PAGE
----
9th May 2014
The High Income Child Benefit Charge (HICBC) was introduced as from 7 January 2013 for parents on higher incomes who continue to receive child benefit (CB) payments.
Whether you are in agreement or not, HMRC has been asked to administer the collection of the HICBC and in doing so, has put thousands more people into self assessment (SA). Parents on higher incomes who have continued to receive CB will need to ensure that they register for SA by no later than 5 October 2014 (in regard to CB payments received during the year ended 5 April 2014 – if there are unresolved issues for 2012/13, immediate action is necessary) to avoid any penalties for ‘failure to notify chargeability to tax’. Therein lies the problem – have people been adequately informed of their responsibilities to approach HMRC and register for SA? Will penalties be imposed on those individuals with no interest in the tax system or will people just ‘get away with it’? More interestingly, are HMRC easily able to identify the individuals concerned?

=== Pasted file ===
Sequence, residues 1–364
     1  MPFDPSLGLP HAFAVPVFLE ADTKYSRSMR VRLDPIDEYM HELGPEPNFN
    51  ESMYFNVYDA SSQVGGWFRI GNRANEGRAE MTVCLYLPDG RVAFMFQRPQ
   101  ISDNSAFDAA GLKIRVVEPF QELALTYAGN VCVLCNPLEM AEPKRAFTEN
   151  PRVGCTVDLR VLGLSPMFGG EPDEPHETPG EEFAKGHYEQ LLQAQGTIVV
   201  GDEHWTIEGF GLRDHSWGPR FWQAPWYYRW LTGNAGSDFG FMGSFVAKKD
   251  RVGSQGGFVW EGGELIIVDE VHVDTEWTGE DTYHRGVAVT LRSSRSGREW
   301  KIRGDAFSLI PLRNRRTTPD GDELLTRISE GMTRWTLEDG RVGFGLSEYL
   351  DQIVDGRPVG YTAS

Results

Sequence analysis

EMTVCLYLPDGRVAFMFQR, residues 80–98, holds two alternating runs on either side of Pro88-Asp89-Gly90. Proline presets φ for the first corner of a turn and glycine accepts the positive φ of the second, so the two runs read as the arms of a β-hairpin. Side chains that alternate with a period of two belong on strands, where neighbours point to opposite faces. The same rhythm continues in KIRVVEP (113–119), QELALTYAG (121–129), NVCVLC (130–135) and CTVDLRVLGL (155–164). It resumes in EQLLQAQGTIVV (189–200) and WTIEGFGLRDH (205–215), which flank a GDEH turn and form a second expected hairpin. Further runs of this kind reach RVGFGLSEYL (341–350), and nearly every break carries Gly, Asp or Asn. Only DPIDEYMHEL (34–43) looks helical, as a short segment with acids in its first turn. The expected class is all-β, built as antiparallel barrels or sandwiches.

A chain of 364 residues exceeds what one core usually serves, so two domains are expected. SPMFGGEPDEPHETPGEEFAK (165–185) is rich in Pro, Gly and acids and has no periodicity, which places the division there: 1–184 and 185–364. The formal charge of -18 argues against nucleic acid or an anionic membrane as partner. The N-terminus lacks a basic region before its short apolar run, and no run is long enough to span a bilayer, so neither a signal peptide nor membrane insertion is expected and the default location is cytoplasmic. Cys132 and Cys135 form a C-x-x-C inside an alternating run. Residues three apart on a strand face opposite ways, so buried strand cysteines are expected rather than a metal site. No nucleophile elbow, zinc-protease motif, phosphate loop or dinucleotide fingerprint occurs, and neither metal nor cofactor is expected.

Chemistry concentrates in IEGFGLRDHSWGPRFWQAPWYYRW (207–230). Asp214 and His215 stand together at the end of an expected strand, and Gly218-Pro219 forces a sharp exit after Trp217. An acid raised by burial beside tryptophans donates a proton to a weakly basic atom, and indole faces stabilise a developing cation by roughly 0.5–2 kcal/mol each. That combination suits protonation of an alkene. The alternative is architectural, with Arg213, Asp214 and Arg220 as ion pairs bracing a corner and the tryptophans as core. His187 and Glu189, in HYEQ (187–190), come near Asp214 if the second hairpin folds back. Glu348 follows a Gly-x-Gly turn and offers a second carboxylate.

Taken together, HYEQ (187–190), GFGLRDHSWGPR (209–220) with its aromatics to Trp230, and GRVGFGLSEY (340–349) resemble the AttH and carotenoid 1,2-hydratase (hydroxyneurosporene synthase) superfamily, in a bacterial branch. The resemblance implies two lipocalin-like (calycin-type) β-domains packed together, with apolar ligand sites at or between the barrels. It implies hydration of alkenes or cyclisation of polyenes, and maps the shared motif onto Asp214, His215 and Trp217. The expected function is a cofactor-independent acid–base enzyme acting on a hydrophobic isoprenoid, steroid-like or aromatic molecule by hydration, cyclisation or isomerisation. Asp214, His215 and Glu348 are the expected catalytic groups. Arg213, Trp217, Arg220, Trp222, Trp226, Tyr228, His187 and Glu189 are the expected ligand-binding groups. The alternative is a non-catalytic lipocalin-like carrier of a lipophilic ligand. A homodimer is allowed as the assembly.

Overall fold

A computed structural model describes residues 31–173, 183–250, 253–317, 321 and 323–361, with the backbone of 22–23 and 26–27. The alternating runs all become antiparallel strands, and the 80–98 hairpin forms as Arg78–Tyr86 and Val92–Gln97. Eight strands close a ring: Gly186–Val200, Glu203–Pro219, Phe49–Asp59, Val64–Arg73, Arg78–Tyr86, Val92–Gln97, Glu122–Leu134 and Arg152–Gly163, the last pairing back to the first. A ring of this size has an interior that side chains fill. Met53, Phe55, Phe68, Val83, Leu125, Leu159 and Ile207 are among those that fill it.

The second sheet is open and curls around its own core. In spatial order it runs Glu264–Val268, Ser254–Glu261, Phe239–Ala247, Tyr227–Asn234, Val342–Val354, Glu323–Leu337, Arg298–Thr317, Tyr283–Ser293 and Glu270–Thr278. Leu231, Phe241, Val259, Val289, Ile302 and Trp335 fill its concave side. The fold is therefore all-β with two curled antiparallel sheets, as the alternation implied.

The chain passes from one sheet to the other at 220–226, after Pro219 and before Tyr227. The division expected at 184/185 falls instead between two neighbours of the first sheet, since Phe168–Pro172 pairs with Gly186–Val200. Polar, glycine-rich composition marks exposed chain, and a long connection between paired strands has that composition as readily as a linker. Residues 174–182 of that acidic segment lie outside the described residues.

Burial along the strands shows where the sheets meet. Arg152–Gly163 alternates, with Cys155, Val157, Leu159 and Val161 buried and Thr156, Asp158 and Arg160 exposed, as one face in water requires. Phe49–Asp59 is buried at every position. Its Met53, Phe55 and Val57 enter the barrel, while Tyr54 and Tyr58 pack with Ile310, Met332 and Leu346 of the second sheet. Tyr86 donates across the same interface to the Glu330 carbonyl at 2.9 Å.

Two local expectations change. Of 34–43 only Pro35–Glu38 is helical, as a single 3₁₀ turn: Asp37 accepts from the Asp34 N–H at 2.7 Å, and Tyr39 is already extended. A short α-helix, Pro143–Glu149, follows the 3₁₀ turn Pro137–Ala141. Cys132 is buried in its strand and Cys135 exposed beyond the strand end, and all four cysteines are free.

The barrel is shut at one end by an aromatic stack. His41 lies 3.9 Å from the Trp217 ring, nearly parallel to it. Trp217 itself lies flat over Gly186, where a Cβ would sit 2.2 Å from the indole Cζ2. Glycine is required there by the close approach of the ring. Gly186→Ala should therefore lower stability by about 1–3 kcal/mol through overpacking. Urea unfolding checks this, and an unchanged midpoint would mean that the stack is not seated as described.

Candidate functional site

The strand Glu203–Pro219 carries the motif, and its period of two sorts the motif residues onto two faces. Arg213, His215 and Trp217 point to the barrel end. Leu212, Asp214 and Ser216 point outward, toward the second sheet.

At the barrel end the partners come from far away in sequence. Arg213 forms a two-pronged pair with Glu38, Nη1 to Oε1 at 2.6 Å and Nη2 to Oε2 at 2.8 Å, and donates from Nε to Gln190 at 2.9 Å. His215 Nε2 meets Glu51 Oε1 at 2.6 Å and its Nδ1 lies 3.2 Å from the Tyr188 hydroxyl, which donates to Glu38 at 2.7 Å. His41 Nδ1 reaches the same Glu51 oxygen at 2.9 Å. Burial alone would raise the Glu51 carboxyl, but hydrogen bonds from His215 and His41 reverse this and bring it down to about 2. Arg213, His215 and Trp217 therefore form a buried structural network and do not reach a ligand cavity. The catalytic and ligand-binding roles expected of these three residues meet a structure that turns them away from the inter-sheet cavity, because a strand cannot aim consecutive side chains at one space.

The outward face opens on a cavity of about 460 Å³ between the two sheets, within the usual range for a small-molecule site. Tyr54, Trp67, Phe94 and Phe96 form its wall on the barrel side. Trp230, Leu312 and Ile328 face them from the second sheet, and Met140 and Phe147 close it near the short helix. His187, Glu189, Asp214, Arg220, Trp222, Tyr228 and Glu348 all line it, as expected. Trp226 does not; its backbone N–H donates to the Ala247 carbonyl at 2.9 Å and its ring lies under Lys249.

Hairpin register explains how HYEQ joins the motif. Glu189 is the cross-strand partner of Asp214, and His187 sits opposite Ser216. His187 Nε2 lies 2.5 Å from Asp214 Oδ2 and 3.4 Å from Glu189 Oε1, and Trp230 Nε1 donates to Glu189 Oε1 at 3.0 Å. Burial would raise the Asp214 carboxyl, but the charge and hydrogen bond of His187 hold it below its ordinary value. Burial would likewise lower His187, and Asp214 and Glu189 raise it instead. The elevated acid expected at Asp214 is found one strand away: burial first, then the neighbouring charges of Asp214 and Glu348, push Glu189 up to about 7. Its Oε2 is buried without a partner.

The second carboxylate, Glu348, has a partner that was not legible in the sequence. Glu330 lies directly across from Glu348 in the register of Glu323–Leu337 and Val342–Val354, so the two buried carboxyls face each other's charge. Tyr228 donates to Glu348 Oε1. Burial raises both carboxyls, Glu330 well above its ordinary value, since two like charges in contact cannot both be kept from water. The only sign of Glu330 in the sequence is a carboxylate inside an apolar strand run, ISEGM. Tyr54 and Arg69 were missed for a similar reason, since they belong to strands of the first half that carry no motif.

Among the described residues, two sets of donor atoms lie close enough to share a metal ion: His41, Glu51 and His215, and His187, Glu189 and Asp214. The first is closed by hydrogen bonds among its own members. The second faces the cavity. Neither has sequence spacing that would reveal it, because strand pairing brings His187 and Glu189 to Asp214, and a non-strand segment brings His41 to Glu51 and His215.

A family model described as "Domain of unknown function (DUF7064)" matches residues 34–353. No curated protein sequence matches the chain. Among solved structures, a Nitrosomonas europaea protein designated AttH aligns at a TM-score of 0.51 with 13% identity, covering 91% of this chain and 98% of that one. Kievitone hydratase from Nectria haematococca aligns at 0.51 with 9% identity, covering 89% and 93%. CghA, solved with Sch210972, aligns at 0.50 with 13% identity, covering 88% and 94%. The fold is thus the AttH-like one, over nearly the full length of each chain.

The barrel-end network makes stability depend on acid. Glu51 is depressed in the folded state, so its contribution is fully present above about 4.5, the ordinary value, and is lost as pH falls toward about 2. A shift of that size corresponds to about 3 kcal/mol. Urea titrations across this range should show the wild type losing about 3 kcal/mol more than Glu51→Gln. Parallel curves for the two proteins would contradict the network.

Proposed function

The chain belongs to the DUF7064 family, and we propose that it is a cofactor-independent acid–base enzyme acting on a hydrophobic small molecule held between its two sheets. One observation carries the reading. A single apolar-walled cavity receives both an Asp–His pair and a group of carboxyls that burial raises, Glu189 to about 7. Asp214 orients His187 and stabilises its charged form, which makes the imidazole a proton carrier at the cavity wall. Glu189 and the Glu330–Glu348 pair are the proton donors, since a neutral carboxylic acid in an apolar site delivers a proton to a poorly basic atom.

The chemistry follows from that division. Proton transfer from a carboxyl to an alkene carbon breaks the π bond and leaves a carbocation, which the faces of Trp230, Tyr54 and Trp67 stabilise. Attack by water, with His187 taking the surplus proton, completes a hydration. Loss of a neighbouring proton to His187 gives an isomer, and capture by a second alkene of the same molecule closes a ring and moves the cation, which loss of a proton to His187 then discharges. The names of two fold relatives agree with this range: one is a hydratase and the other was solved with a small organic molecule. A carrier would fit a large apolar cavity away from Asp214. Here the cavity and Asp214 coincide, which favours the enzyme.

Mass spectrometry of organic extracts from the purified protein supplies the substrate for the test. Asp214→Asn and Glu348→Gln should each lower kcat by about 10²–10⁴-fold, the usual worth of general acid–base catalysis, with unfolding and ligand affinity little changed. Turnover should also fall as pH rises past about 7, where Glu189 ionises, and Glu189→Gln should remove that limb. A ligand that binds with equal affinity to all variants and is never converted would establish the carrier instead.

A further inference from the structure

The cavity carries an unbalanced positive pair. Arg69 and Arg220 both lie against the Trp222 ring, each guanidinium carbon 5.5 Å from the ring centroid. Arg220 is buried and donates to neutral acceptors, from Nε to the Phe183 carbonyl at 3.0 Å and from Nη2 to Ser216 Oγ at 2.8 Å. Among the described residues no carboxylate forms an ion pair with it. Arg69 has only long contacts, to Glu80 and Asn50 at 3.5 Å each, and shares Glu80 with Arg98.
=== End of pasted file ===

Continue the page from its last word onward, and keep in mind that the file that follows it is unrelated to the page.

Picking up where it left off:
Another fundamental issue which has caused debate is HMRC’s approach to prompt individuals with “income over £50,000” to register for SA, yet it is an individual’s “adjusted net income” which is taken into account when determining whether the HICBC applies (for example, where personal pension contributions reduce adjusted net income below the £50,000 income threshold).
For new claimants, if you are affected by the HICBC you can opt not to get CB payments, but you should ensure that you complete the CB claim form, as this will provide you with national insurance credits which count towards your state pension. For those already receiving CB, you can either ‘opt out’ or ‘pay the HICBC tax charge’.
In summary, the HICBC applies to CB payments received from 7 January 2013. Those who have applied to stop receiving CB before 7 January 2013 are not required to take any action. As per HMRC guidance, a person is liable to pay the CB tax charge if all of the following conditions apply:
If you wish to discuss the issues raised in this article, please feel free to contact our Personal Tax Manager: email@example.com